In this reflection, Vicky Longbone, Church Related Community Worker for Ashbourne Road Church and Mackworth United Reformed Church’s Derby Alive to Community (A2C) project, asks us to not get too comfortable this New Year:
For me, the last few years seem to have all rolled into one, it seems impossible that our first Covid lockdown was nearly 4 years ago. Lots of things have changed in this time, some for the good and some for the bad, but every single one of us has been affected in one way or another.
One example is the advance in technology. Zoom used to mean to rush or travel quickly. How many of us had even heard of the App before Covid? Meetings without travelling, keeping in touch with family and friends or worshipping together, love it or loathe it, many of us rely on it.
Another change I’ve noticed is how many of our churches have learnt more about their communities and how they are finding ways to offer community ministry.
How many churches opened foodbanks for a few months to get through Covid? How many of those are still going nearly 4 years later? How many of those are now busier than ever?
How many churches offered community lunches, cooked and delivered to those who couldn’t get out, just for a few months? How many are still serving those meals, but more often in a building now?
When we opened our warm spaces last year, did we think we would be running them still?
The cost-of-living crisis that has followed the pandemic means that so many things that our churches set up for a short period have found the need to continue to do them.
During this time how many people have we served that we would never have met before? How far out of our comfort zones have we had to move?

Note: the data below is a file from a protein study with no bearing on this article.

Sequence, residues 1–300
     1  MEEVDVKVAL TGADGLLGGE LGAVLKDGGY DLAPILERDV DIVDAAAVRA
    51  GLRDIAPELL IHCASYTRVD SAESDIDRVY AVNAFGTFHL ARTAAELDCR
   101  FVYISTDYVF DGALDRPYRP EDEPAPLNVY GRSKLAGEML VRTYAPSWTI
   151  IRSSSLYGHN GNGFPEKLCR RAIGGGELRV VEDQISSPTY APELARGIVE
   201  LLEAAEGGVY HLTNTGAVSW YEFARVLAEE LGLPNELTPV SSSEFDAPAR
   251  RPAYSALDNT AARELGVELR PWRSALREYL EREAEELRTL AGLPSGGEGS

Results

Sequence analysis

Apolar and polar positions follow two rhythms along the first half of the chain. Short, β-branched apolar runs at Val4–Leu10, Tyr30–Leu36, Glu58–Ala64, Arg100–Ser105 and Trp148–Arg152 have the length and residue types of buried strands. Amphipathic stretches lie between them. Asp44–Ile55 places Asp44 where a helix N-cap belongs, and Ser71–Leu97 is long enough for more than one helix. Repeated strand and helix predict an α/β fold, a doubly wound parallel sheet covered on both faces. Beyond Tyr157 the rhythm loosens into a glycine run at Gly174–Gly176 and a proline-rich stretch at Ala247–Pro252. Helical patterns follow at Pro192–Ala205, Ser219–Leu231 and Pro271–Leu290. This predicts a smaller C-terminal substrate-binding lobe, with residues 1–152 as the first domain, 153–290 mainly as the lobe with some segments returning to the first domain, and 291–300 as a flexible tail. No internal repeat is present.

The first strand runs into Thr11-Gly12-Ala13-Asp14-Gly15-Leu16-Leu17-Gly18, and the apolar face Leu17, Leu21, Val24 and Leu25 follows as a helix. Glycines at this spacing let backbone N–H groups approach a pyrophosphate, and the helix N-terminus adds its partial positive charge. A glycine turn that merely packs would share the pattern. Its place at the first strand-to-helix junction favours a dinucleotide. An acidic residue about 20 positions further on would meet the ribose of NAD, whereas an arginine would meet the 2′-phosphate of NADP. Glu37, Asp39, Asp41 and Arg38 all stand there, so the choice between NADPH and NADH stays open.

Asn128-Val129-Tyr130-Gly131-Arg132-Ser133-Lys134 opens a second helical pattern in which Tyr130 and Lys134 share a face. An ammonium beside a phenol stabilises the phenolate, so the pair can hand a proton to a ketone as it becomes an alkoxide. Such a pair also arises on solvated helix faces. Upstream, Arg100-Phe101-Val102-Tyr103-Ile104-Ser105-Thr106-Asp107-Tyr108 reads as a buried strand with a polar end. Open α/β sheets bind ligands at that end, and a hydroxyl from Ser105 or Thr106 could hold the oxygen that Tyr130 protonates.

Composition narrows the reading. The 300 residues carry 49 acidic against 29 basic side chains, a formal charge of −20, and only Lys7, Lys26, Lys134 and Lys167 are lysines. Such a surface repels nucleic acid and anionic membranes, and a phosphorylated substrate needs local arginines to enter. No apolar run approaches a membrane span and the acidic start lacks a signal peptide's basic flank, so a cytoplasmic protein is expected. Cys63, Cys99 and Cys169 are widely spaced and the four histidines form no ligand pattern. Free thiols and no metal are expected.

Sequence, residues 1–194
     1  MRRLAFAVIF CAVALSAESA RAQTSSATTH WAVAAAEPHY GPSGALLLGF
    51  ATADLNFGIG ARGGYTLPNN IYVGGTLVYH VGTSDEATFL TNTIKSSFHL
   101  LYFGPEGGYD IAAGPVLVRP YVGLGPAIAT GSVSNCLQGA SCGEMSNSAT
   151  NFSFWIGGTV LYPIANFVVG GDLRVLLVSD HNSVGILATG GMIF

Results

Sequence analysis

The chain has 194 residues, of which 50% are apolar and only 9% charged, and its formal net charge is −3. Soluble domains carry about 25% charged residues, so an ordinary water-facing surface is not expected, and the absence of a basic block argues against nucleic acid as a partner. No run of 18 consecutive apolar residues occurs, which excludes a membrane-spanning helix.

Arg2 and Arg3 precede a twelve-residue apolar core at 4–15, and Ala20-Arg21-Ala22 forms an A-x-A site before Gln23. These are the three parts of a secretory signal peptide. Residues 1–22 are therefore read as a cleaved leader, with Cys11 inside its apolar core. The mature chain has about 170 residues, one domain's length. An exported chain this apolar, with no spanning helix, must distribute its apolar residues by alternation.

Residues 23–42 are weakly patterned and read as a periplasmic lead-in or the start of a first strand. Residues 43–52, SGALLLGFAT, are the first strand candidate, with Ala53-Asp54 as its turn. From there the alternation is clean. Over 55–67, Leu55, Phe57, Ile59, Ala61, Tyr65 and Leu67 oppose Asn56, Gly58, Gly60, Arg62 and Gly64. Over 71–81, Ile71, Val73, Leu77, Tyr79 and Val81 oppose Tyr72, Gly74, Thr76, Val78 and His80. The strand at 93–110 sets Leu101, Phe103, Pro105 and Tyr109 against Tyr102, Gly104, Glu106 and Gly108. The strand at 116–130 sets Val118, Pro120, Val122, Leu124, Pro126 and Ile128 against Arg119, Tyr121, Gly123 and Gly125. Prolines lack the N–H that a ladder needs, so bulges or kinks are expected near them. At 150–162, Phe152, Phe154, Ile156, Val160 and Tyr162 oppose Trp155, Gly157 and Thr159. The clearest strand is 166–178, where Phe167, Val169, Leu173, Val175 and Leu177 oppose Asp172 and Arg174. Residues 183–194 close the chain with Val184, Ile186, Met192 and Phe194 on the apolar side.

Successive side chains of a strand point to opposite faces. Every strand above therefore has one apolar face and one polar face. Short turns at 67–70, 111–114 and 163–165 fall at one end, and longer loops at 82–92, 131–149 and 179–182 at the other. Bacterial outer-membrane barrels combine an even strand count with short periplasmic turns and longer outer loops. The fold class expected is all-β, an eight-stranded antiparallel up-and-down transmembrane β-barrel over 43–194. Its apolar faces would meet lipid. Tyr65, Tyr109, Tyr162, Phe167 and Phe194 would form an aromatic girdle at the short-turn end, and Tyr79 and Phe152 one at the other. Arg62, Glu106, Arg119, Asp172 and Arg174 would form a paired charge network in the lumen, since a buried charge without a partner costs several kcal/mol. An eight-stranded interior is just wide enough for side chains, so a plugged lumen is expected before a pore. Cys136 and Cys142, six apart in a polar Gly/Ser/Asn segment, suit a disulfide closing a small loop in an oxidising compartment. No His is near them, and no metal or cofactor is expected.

I pray that every single one of you have had to move out of your own comfort zones at some point in the last few years! Meeting people who are not like us can be uncomfortable. Seeing the furniture move around because the community lunch has more people than the Sunday congregation can be uncomfortable. Doing things in different ways can be uncomfortable.
Cesar A Cruz, Dean of Secondary Schools Program at Harvard University, said: “Art should comfort the disturbed and disturb the comfortable.” I first heard this quote years ago, but when it was said to me, they replaced the word ‘art’ for ‘Faith’.
Faith should comfort the disturbed and disturb the comfortable.
When we are comfortable, we become complacent, we continue to serve our own needs and not those of others. When we are disturbed, we can feel stressed or overwhelmed, but our faith should bring us comfort. Our faith should allow us to experience and share both.
So many people continue to live disadvantaged lives due to the cost-of-living crisis, and so many of them are “not like us”. Many of our churches welcome the stranger, but do we really welcome the strange as well? When we build relationships with those who are “not like us” not only are they no longer a stranger but they probably aren’t that strange after all…
I pray that 2024 brings you comfort and joy, but don’t forget to find time for the things that are uncomfortable too.
Image: Sincerely Media/Unsplash.